Figure 1 shows an example of a photo taken with a smartphone on March 18 2021 or both planet Mars and the Moon. ISO number and exposure time were set to 3200 and 1/8 second, respectively. Here you can find Mars above the Moon. However, the Moon looks saturated (overexposure), so it would have been better to have chosen a smaller ISO number or shorter exposure time. If ISO numbers or exposure times are too small, Mars will disappear from the photo.

Figure 1

Figures 2 to 4 show photos taken with a compact camera with different ISO numbers. Their exposure times were all 1/2 second. A tripod was used to avoid camera shake. The ISO numbers of Figure 2, 3, and 4 are 3200, 1600, and 800, respectively. The smaller the ISO number, the clearer the shape of the moon, but the darker Mars. Which do you think is the best shot?

Figure 2

Figure 3

Figure 4

The best ISO and exposure time depends on camera and zoom condition. So, you should consider trying out several sets of ISO numbers and exposure times to obtain a good photo.

Even if you are not satisfied with your photo, don’t worry. Enjoy this space show and keep records and memories of your experiences.

tad__logo-600.png'Night Sky Map
customized to your town or city is a wonderful resource that can help you get the most out of your observing this conjunction and skywatching in general.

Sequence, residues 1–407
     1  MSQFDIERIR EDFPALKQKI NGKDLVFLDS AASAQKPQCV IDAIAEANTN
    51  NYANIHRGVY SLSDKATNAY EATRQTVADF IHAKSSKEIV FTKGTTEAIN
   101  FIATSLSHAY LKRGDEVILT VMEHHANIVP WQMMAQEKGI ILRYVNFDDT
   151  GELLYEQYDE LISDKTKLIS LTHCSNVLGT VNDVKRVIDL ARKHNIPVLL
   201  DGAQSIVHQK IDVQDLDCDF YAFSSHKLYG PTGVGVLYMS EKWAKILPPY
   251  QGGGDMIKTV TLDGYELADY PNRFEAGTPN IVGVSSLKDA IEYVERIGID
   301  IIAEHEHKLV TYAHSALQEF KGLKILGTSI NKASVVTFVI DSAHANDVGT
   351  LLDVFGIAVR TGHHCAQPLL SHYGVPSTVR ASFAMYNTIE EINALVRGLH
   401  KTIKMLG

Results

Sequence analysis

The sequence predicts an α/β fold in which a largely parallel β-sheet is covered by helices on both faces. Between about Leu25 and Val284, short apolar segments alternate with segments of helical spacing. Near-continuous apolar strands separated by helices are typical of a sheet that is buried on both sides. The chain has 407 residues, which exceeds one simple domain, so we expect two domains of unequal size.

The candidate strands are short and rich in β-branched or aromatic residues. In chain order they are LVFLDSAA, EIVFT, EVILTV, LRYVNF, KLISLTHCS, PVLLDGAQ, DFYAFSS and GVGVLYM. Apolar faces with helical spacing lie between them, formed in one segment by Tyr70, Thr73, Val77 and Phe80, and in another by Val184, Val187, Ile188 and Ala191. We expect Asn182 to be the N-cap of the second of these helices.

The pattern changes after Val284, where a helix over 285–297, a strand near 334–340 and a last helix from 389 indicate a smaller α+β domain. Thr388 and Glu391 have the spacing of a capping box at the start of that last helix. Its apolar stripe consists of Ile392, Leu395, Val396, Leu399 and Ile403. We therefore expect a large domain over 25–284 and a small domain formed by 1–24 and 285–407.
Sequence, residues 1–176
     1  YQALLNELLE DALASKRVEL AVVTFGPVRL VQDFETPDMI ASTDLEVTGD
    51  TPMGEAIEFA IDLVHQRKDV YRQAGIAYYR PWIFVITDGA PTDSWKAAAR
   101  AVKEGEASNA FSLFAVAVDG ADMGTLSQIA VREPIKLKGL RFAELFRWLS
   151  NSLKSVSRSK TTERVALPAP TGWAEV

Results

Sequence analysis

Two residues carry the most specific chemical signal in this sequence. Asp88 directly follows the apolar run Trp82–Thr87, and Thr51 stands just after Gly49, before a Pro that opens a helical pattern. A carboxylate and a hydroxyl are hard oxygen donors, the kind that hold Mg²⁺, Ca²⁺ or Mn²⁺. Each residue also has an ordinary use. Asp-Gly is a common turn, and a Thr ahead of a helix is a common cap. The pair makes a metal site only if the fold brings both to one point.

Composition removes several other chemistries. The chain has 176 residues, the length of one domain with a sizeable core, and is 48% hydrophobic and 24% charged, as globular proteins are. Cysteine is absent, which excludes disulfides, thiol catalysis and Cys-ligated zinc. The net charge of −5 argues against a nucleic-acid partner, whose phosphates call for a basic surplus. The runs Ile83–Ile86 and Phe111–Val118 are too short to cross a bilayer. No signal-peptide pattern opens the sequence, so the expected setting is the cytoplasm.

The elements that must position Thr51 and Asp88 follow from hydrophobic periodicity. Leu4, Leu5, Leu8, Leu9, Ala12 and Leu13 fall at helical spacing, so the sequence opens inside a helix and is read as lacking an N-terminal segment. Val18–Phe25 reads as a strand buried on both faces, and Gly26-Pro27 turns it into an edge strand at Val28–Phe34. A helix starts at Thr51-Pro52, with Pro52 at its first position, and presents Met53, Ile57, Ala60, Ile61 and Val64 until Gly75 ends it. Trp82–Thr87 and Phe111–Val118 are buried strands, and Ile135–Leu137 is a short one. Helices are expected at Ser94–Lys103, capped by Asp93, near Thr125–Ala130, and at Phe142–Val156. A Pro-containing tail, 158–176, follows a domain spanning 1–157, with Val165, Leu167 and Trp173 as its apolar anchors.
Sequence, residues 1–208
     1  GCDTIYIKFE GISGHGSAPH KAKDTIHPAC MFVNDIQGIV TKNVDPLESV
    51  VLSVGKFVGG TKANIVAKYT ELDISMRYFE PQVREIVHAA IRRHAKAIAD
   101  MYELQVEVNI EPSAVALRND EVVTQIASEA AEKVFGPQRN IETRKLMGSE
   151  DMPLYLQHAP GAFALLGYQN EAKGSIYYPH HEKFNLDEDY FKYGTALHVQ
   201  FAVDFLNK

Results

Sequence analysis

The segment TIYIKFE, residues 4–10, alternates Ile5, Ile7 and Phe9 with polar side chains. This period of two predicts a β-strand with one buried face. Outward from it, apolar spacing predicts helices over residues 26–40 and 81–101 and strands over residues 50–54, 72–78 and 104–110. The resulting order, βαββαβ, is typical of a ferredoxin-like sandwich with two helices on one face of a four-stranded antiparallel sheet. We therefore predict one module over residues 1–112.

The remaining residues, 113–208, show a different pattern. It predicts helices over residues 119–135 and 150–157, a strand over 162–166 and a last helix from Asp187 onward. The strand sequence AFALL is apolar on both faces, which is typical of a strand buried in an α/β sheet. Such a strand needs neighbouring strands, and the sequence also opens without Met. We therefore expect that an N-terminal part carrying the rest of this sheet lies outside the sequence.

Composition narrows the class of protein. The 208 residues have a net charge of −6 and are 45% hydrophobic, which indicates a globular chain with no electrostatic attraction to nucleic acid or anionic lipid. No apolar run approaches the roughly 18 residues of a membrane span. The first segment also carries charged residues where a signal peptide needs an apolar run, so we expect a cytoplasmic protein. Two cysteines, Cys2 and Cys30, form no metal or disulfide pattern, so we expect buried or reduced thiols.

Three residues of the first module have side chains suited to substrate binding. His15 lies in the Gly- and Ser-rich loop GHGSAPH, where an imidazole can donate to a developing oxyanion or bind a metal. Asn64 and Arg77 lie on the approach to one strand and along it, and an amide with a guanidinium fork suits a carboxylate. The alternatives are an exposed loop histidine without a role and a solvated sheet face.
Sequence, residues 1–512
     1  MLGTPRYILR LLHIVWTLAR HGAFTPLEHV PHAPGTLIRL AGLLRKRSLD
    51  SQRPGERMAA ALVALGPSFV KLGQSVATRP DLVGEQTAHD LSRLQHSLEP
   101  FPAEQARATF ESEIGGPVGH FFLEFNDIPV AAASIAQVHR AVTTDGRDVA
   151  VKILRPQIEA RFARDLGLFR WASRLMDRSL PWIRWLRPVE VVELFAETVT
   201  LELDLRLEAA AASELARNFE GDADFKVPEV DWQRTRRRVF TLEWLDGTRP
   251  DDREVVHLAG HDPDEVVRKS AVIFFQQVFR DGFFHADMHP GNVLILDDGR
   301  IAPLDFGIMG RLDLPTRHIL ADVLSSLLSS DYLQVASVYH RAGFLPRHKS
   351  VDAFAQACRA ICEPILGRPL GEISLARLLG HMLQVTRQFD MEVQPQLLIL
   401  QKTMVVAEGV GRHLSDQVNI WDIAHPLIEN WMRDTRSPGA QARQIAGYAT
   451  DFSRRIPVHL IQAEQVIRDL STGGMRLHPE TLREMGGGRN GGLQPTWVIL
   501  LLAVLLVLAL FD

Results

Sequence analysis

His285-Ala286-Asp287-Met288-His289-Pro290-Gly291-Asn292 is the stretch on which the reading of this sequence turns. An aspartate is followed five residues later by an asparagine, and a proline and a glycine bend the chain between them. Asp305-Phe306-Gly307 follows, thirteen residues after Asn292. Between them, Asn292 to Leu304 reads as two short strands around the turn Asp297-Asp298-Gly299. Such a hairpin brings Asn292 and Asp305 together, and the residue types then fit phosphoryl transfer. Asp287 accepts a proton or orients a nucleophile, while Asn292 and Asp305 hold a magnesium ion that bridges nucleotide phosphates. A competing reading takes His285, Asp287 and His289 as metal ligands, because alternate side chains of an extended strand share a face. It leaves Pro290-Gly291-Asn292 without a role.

Views from Around the World

Depending on the latitude of the observing location, the appearance of these planets and the Moon varies greatly. In the northern hemisphere, the further north you go, the smaller the angle between the alignment of the planets and the horizon, limiting the  time you can photograph them before sunrise. In some sites it is difficult to photograph the Moon, but just seeing Jupiter and the Moon side by side promises to be a wonderful viewing experience.

Conversely, the angle between the  alignment of the worlds and the horizon increases as one moves south of the equator, becoming almost perpendicular around 35 degrees south latitude, and then the tilt is reversed and the angle decreases.

The Moon and Jupiter will be closest to each other on or near these specific dates on each month (the date depends on the longitude of the observation location).  Until these dates, enjoy the approach of the brightest and second brightest objects in the western sky at dusk. 

Once you have captured an impressive scene, post it on social media with the hashtag #BeautyWithoutBorders or on the Astronomers Without Borders website. From the images posted on the AWB website, we are going to create an album or a slideshow and make them public. Please note that images submitted to the AWB website must be astrophotographs taken by the submitter him/herself and appropriate for the Beauty Without Border Photo Campaign.

Remember to keep safe

Follow all local health regulations regarding COVID-19 when photographing in public areas. If you take photos from a window or a balcony, do not lean out of the window or the edge of the balcony.